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Diabetes & Metabolism
Volume 35, n° 4
pages 273-279 (septembre 2009)
Doi : 10.1016/j.diabet.2008.12.003
Received : 7 July 2008 ;  accepted : 2 December 2008
Urinary albumin excretion in latent autoimmune diabetes in adults (LADA) is more similar to type 2 than type 1 diabetes: Results of the Nord-Trøndelag Health Study 1995–1997
L’élimination urinaire d’albumine du diabète auto-immun latent de l’adulte (LADA) partage plus de similitudes avec le diabète de type 2 qu’avec le diabète de type 1 : résultats de la Nord-Trøndelag Health Study 1995–1997
 

M.A. Radtke a, , b , T.I. Lund Nilsen c, K. Midthjell d, V. Grill a, b
a Department of Cancer Research and Molecular Medicine, Faculty of Medicine, Norwegian University of Science and Technology, NTNU, Olav Kyrres gate17, 7006 Trondheim, Norway 
b Saint Olav University Hospital, Olav Kyrres gate17, 7006 Trondheim, Norway 
c Human Movement Science Programme; Faculty of Social Science and Technology Management, Norwegian University of Science and Technology, 7006 Trondheim, Norway 
d Department of Public Health, Faculty of Medicine, Norwegian University of Science and Technology, 7006 Trondheim, Norway 

Corresponding author.
Abstract
Aim

As it is unclear, whether or not, urinary albumin excretion (UAE) differs between patients classified as latent autoimmune diabetes in adults (LADA) and other forms of diabetes, our study aimed to investigate the distribution of the albumin-to-creatinine ratio (ACR) in LADA compared with those in the “classical” types 1 (T1D) and 2 (T2D) diabetes.

Methods

We used data from the Nord-Trøndelag Health Study (HUNT) (n =64,931) of 1995–1997. ACR (mg/mmol) was measured in three urine samples from all diabetic patients (n =1525) and from 5% of the non-diabetic study population (n =2104). We calculated the geometric means and 95% confidence intervals (CI) using a general linear model.

Results

The unadjusted mean ACR in LADA was similar to that in T2D (1.45, CI: 1.23–1.71 vs 1.41, CI: 1.33–1.49, respectively) but was significantly higher than those in T1D (0.99, CI: 0.83–1.19; P =0.002) and non-diabetics (0.72, CI: 0.69–0.74; P <0.001). These results remained similar even after multiple adjustments.

Conclusion

In this cross-sectional study, the ACR in LADA and in T2D were similar and higher than in T1D. This similarity between LADA and T2D makes it unlikely that the autoimmune processes that operate in LADA promote albuminuria.

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Résumé

On ne sait pas si l’élimination urinaire d’albumine (EUA) est différente chez les patients atteints d’un diabète auto-immun latent de l’adulte de celle des patients atteints d’autres formes de diabète.

Objectif

Etude de la distribution du rapport albumine/créatinine chez des patients atteints de LADA, comparés à des patients atteints de diabète de type 1 (DT1) et de type 2 (DT2) « classiques ».

Méthodes

Nous avons utilisé les données de la Nord-Trøndelag Health Study (n =64931), réalisée entre 1995 et 1997. Le rapport albumine–créatinine (mg/mmol) a été mesuré dans trois prélèvements d’urine de tous les diabétiques (n =1525) et de 5 % de la population non diabétique de l’étude. Nous avons calculé la moyenne géométrique et l’intervalle de confiance à 95 % (IC) avec un modèle linéaire général.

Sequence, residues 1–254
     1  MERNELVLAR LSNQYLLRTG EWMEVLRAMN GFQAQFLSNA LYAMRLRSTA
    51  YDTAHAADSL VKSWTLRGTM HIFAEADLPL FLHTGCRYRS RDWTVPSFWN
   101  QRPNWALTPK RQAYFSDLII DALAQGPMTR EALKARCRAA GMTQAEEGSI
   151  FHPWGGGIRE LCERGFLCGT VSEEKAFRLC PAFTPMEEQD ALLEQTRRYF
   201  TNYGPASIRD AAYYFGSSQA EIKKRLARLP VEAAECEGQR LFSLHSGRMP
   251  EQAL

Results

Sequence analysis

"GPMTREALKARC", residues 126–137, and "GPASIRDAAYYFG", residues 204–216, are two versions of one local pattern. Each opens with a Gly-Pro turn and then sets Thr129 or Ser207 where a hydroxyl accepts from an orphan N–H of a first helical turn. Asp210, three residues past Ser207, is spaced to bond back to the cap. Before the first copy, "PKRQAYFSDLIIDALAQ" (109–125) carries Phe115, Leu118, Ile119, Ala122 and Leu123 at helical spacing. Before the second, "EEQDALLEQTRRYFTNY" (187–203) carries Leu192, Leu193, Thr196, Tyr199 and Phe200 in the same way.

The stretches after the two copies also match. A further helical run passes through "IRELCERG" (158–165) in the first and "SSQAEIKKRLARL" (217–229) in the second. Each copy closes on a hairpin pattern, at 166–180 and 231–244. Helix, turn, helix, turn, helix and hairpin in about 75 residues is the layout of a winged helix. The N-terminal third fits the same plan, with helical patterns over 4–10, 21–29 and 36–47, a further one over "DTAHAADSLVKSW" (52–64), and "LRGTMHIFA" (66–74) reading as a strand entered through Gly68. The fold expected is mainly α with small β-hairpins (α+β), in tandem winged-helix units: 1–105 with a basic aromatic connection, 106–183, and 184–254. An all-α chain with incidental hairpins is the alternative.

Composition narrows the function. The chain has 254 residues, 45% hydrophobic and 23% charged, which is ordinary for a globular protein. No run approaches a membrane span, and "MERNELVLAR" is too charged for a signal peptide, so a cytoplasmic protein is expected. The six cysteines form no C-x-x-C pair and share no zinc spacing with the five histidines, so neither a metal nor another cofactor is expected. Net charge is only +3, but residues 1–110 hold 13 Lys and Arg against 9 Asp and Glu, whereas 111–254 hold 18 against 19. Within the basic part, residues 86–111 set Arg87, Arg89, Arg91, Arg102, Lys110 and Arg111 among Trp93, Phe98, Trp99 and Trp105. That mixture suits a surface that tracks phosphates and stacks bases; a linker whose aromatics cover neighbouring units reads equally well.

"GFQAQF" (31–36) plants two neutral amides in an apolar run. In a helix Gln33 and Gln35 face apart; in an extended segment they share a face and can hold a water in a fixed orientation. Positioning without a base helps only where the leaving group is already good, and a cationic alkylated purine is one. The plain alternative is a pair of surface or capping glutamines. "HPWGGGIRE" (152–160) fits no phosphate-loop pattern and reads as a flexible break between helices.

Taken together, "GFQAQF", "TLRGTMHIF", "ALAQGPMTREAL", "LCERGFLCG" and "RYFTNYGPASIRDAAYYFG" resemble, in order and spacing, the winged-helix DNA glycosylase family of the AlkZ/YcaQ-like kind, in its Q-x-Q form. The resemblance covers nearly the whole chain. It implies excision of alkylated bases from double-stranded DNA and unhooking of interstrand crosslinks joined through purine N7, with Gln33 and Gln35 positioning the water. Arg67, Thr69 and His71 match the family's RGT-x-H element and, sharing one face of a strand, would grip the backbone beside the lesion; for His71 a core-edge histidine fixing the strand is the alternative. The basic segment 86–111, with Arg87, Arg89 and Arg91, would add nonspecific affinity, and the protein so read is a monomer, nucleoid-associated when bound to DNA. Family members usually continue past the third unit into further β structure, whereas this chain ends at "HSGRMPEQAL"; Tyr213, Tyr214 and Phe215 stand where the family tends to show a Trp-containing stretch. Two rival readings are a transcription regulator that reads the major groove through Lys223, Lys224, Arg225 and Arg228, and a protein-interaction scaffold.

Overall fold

Résultats

Non corrigée, la moyenne du rapport albumine–creatinine des sujets atteints de LADA était similaire à celle des DT2 (1,45 ; IC 1,23–1,71, vs 1,41 ; IC 1,33–1,49) mais significativement supérieure à celle des DT1 (0,99 ; IC 0,83–1,19, P =0,002) et à celle des non diabétiques (0,72 ; IC 0,69–0,74, P =<0,001). Ces résultats n’étaient pas modifiés après correction pour de multiples paramètres.

Conclusion

Dans cette étude transversale, le rapport albumine–créatinine des patients atteints de LADA était proche de celui des DT2 mais supérieur à celui des DT1. Cette similitude de résultats entre LADA et DT2 rend peu vraisemblable la responsabilité du processus auto-immun à l’origine du LADA dans le développement de l’atteinte rénale.

The full text of this article is available in PDF format.

Keywords : Autoimmunity, Latent autoimmune diabetes in adults, LADA, Diabetes epidemiology, Diabetic nephropathy, Albuminuria, Microalbuminuria

Mots clés : Auto-immunité, Diabète auto-immun latent de l’adulte, LADA, Épidémiologie du diabète, Néphropathie diabétique, Albuminurie, Microalbuminurie


Abbreviations

HUNT 2 : 22nd Nord-Trøndelag Health Study
LADA : latent autoimmune diabetes in adults
ACR : albumin-to-creatinine ratio
MA : microalbuminuria
MDRD : modification of diet in renal disease
GFR : glomerular filtration rate
GLM : general linear model
OR : odds ratio
ACE : angiotensin-converting enzyme
CV : cardiovascular
UAE : urinary albumin excretion

Introduction

Over the last two decades, a new major type of diabetes has become recognized—namely, latent autoimmune diabetes in adults (LADA). LADA patients are clinically diagnosed as non-insulin-dependent diabetics, but show evidence of autoimmunity in the form of islet-directed antibodies such as those against glutamic acid decarboxylase (GAD).

LADA constitutes a large category of diabetes, accounting for approximately 10% of the diabetic population [1, 2]. Yet, the natural history of LADA has been considerably less well characterized than those of other types of diabetes. Indeed, one aspect that needs further clarification is the development of diabetic complications in LADA.

An increase in albuminuria is a recognized sign of early nephropathy. Several studies have described the prevalence of nephropathy in type 1 (T1D) and type 2 (T2D) diabetes using albuminuria as a marker [3, 4, 5, 6]. Measuring albumin excretion in LADA patients would also provide information on the extent of incipient and overt nephropathy in this form of diabetes. However, the detailed characterization of albumin excretion in LADA patients is, to our knowledge, so far lacking. It is therefore unclear as to whether or not LADA patients display albuminuria to the same extent as the “classical” types (1 and 2) of diabetes.